New approaches to controlling infections

May 17, 2017


a female senior nurse or matron is  chatting to a young  a young student nurse is attending to the dressings trolley at the foot of a patient's bed . They are all defocussed apart from the patient's hand in the foreground.

Drug resistant bacteria are a consistent concern in hospitals and healthcare facilities. No matter how well your cleaning crew cleans, there are still going to be bacteria and spores left behind. Studies show that less than half of surfaces are disinfected properly in between patients. One study showed that 1 in 25 patients who go to a hospital will get a hospital-born infection, and of those patients, 1 in 9 will die from that infection. Because of the concerns of a post-antibiotic era, healthcare facilities are searching for other ways in which to prevent infections.

 

Copper

Sentara Healthcare hospitals in Virginia and North Carolina are using copper-infused bed linens, patient gowns, bedside tables and bedrails for all inpatient rooms. According to a study published in American Journal of Infection Control, hard surfaces and linens infused with copper-oxide compounds contributed to a 78% overall reduction in multidrug-resistant organisms, including C. diff, MRSA, and vancomycin-resistant enterococci. A second study is underway.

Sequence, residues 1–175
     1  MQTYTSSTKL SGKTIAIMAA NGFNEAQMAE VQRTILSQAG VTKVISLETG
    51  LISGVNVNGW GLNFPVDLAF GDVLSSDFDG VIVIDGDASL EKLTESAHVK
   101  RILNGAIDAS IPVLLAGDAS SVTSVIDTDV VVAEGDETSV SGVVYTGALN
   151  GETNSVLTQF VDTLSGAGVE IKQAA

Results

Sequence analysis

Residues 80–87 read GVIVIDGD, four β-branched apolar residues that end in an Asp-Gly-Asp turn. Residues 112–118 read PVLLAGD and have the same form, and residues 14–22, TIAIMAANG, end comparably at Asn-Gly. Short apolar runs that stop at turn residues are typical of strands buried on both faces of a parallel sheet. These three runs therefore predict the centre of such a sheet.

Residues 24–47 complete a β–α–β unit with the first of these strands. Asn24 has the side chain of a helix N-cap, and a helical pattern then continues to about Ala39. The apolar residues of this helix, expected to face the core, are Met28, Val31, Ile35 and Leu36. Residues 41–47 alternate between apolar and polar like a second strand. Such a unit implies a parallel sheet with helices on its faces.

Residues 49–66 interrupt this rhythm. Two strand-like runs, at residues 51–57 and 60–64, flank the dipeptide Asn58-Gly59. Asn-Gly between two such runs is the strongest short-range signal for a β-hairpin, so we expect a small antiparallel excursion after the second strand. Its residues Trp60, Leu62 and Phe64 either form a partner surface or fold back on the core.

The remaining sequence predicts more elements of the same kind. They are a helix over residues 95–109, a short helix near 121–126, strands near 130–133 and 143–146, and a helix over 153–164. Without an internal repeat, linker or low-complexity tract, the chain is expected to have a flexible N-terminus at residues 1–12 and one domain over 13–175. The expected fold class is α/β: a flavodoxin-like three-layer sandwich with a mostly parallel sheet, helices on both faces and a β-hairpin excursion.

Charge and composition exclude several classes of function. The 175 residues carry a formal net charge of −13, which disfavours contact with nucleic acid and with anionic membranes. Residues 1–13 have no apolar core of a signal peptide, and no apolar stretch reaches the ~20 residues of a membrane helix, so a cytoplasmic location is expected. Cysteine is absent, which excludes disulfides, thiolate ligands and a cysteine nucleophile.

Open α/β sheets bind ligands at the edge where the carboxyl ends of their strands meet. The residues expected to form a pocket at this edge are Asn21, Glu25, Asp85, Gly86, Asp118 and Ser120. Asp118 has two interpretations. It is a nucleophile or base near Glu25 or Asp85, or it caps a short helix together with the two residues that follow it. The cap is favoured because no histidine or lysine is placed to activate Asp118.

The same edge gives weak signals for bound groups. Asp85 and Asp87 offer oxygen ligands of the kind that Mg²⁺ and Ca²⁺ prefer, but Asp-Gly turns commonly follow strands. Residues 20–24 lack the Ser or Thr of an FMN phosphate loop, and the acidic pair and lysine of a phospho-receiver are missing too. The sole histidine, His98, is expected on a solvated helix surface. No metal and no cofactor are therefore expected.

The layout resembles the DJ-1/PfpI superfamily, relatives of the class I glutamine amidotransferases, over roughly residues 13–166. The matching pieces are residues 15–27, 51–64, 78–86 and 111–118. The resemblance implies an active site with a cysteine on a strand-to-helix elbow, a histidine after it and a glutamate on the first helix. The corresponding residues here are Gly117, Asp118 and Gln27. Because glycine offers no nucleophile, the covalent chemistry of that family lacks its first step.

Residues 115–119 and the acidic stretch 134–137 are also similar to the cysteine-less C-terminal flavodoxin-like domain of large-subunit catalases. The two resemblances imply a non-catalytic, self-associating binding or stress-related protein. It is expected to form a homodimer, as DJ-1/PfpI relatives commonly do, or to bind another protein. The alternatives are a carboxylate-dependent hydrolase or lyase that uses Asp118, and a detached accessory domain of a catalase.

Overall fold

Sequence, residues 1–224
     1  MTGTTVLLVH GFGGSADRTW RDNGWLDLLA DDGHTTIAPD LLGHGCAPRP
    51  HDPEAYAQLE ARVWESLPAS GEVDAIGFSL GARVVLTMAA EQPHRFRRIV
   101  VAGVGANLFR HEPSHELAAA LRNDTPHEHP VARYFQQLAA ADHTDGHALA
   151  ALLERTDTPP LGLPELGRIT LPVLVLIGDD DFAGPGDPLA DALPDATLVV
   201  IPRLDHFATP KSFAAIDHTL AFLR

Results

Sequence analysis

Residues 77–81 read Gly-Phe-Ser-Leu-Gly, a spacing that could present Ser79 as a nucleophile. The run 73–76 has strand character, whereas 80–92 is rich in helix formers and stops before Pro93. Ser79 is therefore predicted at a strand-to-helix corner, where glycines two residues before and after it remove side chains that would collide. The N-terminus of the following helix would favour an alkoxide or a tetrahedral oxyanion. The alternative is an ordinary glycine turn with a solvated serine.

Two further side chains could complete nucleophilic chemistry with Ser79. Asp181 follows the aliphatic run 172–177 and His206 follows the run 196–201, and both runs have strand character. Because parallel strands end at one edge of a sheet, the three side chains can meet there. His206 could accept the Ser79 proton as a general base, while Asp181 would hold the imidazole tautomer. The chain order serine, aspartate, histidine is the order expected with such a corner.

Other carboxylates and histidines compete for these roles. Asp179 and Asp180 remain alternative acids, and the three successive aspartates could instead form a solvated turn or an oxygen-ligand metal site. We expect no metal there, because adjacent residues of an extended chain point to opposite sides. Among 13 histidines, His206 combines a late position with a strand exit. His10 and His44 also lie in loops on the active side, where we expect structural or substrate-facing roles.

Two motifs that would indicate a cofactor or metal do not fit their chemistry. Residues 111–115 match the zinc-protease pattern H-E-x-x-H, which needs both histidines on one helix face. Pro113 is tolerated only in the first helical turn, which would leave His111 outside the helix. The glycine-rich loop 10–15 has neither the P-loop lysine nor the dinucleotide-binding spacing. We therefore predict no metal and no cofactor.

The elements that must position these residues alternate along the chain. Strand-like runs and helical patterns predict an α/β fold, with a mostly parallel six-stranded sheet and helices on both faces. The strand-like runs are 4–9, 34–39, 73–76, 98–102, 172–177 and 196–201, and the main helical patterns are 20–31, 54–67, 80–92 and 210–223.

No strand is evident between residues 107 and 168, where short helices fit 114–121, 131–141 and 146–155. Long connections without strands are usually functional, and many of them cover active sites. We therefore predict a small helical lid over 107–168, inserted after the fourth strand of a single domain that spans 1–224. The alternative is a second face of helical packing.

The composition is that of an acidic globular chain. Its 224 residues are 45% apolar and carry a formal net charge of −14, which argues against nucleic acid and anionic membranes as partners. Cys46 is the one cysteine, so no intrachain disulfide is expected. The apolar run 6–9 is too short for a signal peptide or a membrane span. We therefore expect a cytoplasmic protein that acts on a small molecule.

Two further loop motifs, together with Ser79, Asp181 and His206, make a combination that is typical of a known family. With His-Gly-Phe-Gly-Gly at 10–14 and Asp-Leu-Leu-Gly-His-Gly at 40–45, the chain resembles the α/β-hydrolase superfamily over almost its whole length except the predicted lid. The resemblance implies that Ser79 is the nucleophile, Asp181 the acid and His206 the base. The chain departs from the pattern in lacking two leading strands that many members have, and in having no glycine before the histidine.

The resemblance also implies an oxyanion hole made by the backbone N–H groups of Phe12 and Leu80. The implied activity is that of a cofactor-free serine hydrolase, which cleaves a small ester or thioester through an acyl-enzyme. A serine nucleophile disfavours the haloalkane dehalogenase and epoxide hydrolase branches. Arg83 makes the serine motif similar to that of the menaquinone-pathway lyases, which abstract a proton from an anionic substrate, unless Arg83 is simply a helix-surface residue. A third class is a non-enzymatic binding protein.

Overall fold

Although copper products do not kill 100% of germs, the results are impressive, and the products don’t require much in terms of changing protocols. All of the products can be cleaned using existing resources and processes, with the exception that no fabric softeners can be used on linens and polish cannot be used on copper-infused surfaces.

 

UV

Henry Ford Health System and HonorHealth are taking a different, more space-age approach. They are deploying Xenex LightStrike Germ-Zapping Robots across all of their hospitals. The robots use pulsed Xenon ultraviolet room disinfection technology to destroy deadly microorganisms like bacteria and spores. Basically, they flash a very intense UV light on all surfaces of the room, killing everything in sight.

 

Studies in peer-reviewed journals have shown that using the UV robots have led to a 50 to 100% reduction in C. diff, MRSA, and surgical site infection rates. The robots are not only thorough, but also efficient. According to customers, the robots take four to five minutes to work and can disinfect as many as 62 rooms a day.

 

With drug-resistant germs on the rise, every healthcare facility should take every measure when it comes to disinfection. For help on which approach will be best for your facility, contact Vanguard Resources.